Commonly viewed as a cost-shifting tool for Defendants, Offers of Judgment can be valuable settlement tools for Plaintiffs as well.
Under-utilized by both sides, the use of Rule 68, SCRCP, Offers of Judgment is nevertheless often seen only as a Defense tactic, providing them a cost-shifting tool as leverage to settle cases. The filing of these offers, however, should not be dismissed by Plaintiff’s attorneys. The filing of an official Offer of Judgment carries benefits for the Plaintiff and come with little downside.
Rule 68 of the South Carolina Rules of Civil Procedure reads:
(a) Offer of Judgment. Any party in a civil action . . . may file . . . a written offer of judgment signed by the offeror or his attorney, directed to the opposing party, offering to take judgment in the offeror’s favor, or to allow judgment to be taken against the offeror for a sum stated therein, or to the effect specified in the offer.
After service of the filed offer on the opposing party, the recipient then has twenty days to file a written acceptance of the offer. If the offer is accepted, the Court immediately issues the judgment and the clerk enters the judgment as provided. If the party fails to act within the time period allotted, then the offer is deemed rejected. Importantly, an intervening counteroffer does NOT count as a rejection, and the receiving party can still accept the original offer as long as it is within the twenty-day period.
Why is this mechanism important? Well, first, if it results in a settlement then it’s worth is self-evident. The case is over and your client who approved of the offer is presumptively happy with the result. Conversely though, if the offer of judgment is rejected, the Rule states:
(b) Consequences of Non-Acceptance. If an offer of judgment is not accepted and the offeror obtains a verdict or determination at least as favorable as the rejected offer, the offeror shall recover from the offeree: (1) any administrative, filing, or other court costs from the date of the offer until the entry of judgment; (2) if the offeror is a plaintiff, eight percent interest computed on the amount of the verdict or award from the date of the offer to the entry of judgment; or (3) if the offeror is a defendant, reduction from the judgment or award of eight percent interest [likewise computed].
While these costs and interest may not be huge amounts, an offer of judgment may still serve an important function. Not addressed specifically in the Rule, but probably more important, is the way that an offer of judgment can set the goal posts for a “favorable” result for the purposes of addressing a later award of attorney’s fees for the prevailing party, if allowed in your case. If a plaintiff makes an early offer of judgment which is denied and later obtains a much larger verdict at trial, the defendant’s unreasonableness becomes quite demonstrative and the prevailing party clear. This could also be valuable tool in a bad faith action. All of this comes with little to no downside for the plaintiff making the offer.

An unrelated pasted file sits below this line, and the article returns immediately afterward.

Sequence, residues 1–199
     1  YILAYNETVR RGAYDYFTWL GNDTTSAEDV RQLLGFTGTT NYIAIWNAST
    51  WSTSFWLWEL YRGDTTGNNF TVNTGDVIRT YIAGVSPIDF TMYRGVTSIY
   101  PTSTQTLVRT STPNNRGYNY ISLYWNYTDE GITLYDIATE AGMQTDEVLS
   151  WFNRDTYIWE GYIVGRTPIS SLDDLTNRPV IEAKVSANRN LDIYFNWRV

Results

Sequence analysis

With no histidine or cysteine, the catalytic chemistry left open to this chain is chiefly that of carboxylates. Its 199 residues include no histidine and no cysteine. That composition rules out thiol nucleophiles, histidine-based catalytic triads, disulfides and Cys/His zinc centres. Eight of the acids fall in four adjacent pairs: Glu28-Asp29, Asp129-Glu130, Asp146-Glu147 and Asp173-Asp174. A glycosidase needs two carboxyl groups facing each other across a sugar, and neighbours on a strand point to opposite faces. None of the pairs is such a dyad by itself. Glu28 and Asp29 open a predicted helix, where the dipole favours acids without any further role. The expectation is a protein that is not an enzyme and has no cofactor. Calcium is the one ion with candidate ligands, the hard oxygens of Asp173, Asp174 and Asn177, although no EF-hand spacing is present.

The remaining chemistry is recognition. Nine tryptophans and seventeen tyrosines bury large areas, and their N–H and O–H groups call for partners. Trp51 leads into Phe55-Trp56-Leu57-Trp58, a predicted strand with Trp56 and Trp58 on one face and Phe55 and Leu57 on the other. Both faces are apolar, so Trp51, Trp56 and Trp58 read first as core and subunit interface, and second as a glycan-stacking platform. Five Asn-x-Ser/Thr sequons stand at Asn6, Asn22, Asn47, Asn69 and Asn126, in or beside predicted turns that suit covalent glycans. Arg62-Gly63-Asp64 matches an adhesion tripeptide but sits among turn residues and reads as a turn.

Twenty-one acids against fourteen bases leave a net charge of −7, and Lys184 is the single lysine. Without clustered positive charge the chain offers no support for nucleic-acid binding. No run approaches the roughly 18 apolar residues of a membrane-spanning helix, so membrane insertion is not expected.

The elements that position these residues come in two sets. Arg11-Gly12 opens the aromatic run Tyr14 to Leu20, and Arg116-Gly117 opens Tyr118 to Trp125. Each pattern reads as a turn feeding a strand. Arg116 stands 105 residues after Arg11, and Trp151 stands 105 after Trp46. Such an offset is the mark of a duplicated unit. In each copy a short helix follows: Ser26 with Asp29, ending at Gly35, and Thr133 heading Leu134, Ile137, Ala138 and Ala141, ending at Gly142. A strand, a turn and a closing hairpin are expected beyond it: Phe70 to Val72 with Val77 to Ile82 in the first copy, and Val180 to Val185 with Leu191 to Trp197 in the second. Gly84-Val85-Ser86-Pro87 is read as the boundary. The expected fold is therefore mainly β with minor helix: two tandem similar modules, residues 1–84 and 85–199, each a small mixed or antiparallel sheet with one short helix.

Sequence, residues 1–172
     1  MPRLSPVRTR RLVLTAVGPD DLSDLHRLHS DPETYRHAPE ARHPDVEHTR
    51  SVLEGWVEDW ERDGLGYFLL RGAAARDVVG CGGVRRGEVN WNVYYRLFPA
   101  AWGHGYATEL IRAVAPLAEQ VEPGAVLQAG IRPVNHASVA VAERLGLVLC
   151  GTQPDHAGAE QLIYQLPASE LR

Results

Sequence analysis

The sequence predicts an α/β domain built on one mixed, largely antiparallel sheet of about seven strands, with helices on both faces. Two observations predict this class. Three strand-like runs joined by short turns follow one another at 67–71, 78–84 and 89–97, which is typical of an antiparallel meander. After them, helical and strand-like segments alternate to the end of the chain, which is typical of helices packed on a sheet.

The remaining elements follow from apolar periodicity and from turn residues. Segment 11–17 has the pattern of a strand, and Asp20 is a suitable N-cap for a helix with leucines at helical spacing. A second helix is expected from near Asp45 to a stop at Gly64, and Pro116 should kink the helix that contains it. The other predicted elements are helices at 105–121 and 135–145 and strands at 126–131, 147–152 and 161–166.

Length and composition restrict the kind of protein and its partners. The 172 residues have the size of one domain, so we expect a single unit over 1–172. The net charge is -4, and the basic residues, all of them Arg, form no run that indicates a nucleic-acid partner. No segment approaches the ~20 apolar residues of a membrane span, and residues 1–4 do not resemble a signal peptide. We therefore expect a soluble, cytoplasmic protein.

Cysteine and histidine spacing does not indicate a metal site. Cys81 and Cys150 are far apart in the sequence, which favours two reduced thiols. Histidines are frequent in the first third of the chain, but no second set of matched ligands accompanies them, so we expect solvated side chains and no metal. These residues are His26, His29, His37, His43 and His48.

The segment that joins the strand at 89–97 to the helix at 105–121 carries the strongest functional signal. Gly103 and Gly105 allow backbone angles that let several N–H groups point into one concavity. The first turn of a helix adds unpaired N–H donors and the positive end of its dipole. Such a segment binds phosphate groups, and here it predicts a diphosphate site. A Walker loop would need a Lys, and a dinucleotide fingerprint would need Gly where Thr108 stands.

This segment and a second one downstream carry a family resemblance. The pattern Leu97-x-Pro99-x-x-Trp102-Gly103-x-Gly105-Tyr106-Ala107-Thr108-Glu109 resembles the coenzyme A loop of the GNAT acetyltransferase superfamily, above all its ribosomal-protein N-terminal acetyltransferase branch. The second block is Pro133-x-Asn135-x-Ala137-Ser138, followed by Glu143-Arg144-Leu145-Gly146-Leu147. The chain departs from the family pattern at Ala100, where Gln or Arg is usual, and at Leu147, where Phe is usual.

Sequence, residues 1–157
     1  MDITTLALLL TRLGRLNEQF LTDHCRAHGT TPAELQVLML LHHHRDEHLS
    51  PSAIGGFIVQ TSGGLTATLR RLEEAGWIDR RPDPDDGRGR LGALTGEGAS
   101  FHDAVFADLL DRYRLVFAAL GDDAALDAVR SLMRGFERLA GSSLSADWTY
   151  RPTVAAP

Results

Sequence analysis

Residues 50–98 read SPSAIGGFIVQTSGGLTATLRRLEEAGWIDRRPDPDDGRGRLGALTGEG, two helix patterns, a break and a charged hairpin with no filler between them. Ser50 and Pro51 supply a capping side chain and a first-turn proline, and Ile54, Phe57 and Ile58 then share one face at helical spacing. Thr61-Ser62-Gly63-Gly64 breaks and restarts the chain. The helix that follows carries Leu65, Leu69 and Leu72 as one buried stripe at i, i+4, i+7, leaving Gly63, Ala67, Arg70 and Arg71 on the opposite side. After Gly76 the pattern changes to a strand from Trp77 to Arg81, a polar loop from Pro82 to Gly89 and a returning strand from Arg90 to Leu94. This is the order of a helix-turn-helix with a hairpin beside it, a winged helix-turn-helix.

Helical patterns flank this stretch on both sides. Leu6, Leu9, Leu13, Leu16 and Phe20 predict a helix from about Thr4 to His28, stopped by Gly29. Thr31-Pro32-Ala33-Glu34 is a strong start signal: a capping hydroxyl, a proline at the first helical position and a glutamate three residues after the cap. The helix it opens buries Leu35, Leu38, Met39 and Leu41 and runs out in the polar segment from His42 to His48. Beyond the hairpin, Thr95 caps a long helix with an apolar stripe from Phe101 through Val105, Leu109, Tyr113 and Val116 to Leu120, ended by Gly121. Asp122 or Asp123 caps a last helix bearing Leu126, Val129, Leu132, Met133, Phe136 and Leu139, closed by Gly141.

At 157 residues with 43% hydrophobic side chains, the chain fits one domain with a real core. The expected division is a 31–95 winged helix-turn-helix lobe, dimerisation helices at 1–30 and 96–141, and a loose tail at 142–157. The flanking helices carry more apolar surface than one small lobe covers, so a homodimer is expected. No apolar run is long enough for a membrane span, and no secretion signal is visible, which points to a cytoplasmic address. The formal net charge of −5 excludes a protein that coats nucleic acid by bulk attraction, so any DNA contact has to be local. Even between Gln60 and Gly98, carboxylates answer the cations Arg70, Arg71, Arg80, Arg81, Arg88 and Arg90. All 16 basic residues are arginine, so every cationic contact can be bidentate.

When making an offer of judgment, make sure that is not ambiguous (be sure to include language citing the rule) and make sure you are not committing these mistakes:
- Not filing or serving the offer.
- Not accounting for and specifying whether the offer covers or does not cover potential subrogated claims in the offer, e.g. medical bills.
- Making one offer to multiple defendants.
- Making one offer on behalf of multiple Plaintiffs.
Conversely, since Offers of Judgment are most commonly utilized by defendants, be mindful of the expressed details when deciding to accept or reject a Rule 68 Offer of Judgment presented your client by a defendant. Of particular import, one should consider whether or not the offer addresses attorneys’ fees if one of your claims permits this award.
In Johnson ex rel. S.J. v. Hyatt Hotels Corp, 2017 WL 4473469 (D. S.C. 2017), an assault case occurring at the Hyatt Place Hotel in North Charleston. During litigation, the plaintiff accepted the defendant’s offer of judgment to settle the case for a “total sum of $150,000” and that the offer was “inclusive of any costs.” Following entry of the settlement by the Court, plaintiff brought an action for attorney’s fees in the amount of $264,047.52. Because Rule 68, SCRCP, deems a party accepting an offer of judgment to be “the prevailing party” and the Rule does not specifically address attorneys’ fees as part of “costs,” the terms of offer of judgment were construed against the drafting party and, according to application of Rule 68, SCRCP anyway, the plaintiff was not prohibited by the offer of judgment from pursuing an action for attorney’s fees.
The lesson here for either party drafting an offer of judgment – make sure you specifically account for attorneys’ fees and other potential tangential costs in your filed offer. As Johnson as shows, as a plaintiff receiving a Rule 68 Offer of Judgment, keep an eye out for potential gaps in the opposing party’s drafted offer.
 If you are within 20 days of a trial, the clock runs a bit differently, so be sure to review Rule 68, SCRCP, closely.
 Ultimately, the Court did not award the fees in this case, but only because the statute awarding fees, SCUTPA, requires a finding that the party violated the Act as a condition to the award of attorneys’ fees. Here, the acceptance of the settlement by the Court was deemed merely a “ministerial” act and not a factual finding of a statutory violation.